Cameras on school bus stop signs: where districts stand

Posted 9/5/19

We asked local districts if they're considering taking advantage of a new law

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Cameras on school bus stop signs: where districts stand


Gov. Andrew Cuomo recently signed legislation authorizing school districts to install stop-arm cameras on school buses in order to catch drivers who unlawfully pass a stopped school bus.

"No parent should ever have to worry that their child's bus ride to and from school is anything other than safe and easy," Cuomo said. "By signing this measure into law, we are providing school districts the tools they need to hold reckless drivers accountable and advancing New York State's bold initiatives to keep our school children safe."

In New York State, approximately 1.5 million students ride school buses to and from school every year and it is illegal to pass a stopped school bus. However, during a special event in April 2018, Operation Safe Stop — one day in which law enforcement targeted offenders passing a stopped school bus — over 850 people were ticketed. And an estimated 50,000 vehicles pass stopped school buses across the state every day.

The law allows districts to decide on methods and contracts to install the cameras on their buses, which are often contracted through third-party companies.


Where our districts stand

While still a fresh law, school districts will now have an opportunity to sign on to the program. 


Superintendent Ellen Semel said her district as well as her surrounding school districts do not own their buses, and are actually contracted out by Suffolk Transportation Services. Since Suffolk Transportation owns the buses, it falls under their authority whether or not to sign on, considering the opportunity granted entering the school year. Semel said the cameras are a great idea and apply an appropriate burden to offenders.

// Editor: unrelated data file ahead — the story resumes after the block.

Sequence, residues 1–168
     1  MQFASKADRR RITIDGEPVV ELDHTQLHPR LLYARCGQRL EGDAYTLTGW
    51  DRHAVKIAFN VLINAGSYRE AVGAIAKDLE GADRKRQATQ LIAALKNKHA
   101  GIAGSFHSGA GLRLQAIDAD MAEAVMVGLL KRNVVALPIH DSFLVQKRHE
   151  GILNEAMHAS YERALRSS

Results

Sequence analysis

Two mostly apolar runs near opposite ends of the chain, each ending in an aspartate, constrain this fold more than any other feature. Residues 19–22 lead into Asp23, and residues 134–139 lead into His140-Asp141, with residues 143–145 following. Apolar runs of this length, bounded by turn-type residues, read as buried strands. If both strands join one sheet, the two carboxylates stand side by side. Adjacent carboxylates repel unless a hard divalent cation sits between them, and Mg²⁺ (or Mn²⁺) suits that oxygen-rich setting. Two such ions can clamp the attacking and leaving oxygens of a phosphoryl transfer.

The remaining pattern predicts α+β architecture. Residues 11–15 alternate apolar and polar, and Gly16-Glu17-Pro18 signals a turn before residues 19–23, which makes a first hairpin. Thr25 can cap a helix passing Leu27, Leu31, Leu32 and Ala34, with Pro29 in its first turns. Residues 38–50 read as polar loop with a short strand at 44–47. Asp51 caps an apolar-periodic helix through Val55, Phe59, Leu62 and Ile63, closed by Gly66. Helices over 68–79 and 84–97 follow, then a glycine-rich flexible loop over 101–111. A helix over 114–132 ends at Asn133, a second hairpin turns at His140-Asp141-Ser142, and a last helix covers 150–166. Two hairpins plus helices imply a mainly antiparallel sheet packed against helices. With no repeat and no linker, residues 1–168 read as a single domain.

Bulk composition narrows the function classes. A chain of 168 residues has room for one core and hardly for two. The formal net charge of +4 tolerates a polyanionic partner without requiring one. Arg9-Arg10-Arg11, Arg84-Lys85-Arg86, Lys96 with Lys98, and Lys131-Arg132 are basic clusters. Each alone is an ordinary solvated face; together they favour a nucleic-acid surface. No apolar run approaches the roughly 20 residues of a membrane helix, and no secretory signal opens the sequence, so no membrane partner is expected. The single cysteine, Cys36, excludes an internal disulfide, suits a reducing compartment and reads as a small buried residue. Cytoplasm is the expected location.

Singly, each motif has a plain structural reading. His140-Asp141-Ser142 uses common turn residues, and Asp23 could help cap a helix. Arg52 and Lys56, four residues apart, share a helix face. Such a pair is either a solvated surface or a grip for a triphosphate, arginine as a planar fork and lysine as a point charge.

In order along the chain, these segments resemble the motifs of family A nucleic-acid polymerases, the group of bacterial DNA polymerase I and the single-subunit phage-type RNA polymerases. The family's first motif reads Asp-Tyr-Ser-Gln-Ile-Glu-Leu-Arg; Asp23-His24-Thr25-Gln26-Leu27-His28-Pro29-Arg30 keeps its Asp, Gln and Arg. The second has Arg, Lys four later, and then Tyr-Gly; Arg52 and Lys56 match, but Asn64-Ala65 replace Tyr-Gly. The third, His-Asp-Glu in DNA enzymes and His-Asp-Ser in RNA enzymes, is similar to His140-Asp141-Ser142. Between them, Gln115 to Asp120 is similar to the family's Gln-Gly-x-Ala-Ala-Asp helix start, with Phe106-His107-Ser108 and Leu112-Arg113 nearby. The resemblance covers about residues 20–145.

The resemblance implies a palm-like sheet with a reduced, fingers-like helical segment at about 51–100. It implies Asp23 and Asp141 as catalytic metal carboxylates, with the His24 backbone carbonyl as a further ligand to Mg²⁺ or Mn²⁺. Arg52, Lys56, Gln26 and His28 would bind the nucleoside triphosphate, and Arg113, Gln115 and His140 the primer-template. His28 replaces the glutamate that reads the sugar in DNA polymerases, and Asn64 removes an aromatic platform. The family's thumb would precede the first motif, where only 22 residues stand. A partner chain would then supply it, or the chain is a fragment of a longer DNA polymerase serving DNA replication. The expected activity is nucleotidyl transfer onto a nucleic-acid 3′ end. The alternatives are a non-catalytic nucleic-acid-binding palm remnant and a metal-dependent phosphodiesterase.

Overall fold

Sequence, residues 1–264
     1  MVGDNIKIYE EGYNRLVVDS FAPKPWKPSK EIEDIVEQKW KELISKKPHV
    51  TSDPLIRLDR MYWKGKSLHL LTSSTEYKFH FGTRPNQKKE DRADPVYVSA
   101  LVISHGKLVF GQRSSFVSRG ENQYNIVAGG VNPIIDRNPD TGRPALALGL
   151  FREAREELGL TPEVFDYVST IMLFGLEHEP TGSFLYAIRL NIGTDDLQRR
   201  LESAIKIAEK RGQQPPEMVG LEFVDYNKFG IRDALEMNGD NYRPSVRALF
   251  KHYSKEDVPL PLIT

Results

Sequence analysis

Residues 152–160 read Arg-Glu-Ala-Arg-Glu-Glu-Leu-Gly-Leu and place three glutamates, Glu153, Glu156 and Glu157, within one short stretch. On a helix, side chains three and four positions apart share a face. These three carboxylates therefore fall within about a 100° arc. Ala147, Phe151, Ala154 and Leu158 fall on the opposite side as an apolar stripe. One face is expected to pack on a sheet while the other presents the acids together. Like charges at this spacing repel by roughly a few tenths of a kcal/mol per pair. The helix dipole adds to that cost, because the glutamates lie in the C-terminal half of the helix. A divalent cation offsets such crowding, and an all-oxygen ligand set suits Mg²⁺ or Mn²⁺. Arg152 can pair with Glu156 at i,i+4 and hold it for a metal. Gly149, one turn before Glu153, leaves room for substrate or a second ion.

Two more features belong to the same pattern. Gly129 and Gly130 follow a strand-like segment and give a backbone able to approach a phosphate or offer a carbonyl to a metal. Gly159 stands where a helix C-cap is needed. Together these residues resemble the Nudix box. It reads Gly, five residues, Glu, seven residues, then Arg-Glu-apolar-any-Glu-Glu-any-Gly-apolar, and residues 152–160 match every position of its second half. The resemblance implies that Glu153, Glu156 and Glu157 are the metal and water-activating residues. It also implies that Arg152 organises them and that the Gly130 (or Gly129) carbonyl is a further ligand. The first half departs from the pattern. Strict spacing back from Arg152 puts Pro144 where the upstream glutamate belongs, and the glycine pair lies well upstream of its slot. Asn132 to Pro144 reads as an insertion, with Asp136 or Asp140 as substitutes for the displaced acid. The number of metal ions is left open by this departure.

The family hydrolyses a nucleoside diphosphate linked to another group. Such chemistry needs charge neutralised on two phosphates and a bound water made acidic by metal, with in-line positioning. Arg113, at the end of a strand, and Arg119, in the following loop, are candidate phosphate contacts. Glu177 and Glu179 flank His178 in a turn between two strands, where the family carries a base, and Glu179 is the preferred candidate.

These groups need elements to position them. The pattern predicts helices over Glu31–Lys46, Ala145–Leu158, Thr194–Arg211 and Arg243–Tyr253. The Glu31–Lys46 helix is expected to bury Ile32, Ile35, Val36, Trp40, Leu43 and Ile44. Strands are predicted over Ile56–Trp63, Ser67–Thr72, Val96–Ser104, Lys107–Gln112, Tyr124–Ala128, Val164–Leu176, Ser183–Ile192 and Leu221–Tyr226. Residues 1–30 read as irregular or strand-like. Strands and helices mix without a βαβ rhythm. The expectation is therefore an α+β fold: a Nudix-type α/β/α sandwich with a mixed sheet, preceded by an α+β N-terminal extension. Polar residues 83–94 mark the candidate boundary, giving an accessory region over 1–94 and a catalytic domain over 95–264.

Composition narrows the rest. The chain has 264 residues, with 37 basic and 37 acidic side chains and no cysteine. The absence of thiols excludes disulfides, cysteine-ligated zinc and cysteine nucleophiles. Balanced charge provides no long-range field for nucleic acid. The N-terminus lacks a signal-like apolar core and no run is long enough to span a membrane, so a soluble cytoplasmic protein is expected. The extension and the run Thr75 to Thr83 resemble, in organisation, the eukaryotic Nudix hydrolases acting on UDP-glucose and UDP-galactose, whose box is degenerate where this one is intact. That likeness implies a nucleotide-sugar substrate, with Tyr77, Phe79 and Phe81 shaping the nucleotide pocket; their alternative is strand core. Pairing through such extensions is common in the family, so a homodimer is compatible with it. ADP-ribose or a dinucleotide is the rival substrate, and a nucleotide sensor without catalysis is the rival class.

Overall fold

“It would certainly be a deterrent for drivers [to pass a bus],” she said. “The statistics on people who pass stopped buses is frightening.”

More information on whether Suffolk Transportation will sign up to upgrade their buses will be available in next week’s edition.


Bay Shore

Superintendent Joseph Bond said he has been advocating for stop-arm cameras on buses for the last few years and was happy to hear of the new law.

“We will be working with our partners at Suffolk Transportation to expand our use of the cameras beyond the buses that were part of our pilot program,” he assured.


SCPD: Enforcement a challenge in Suffolk County

“The Suffolk County Police Department is dedicated to ensuring the safety of all school bus riders. The department increases enforcement in and around schools at the start of the school year to ensure drivers are following traffic laws to keep children out of harm’s way,” said SCPD officials, explaining that officers also speak with school bus drivers to address specific complaints regarding intersections and locations where drivers are known to pass them while stopped.

“In general, passing a school bus is often a random act by a driver who is not paying attention; therefore, enforcement can be challenging because officers must witness the infraction to take action,” the SCPD added.

The number of summonses issued for passing a school bus by the Suffolk County Police Department between Jan. 1, 2018 and July 31, 2019 was 236 across all seven precincts.


The consequences

The fine for illegally passing a stopped school bus is $250 to $400, up to five points on your license, and/or up to 30 days in jail your first time. Second- and third-time fines increase to $1,000 and 180 days, according to Operation Safe Stop. Worse yet, you could injure or kill a child.


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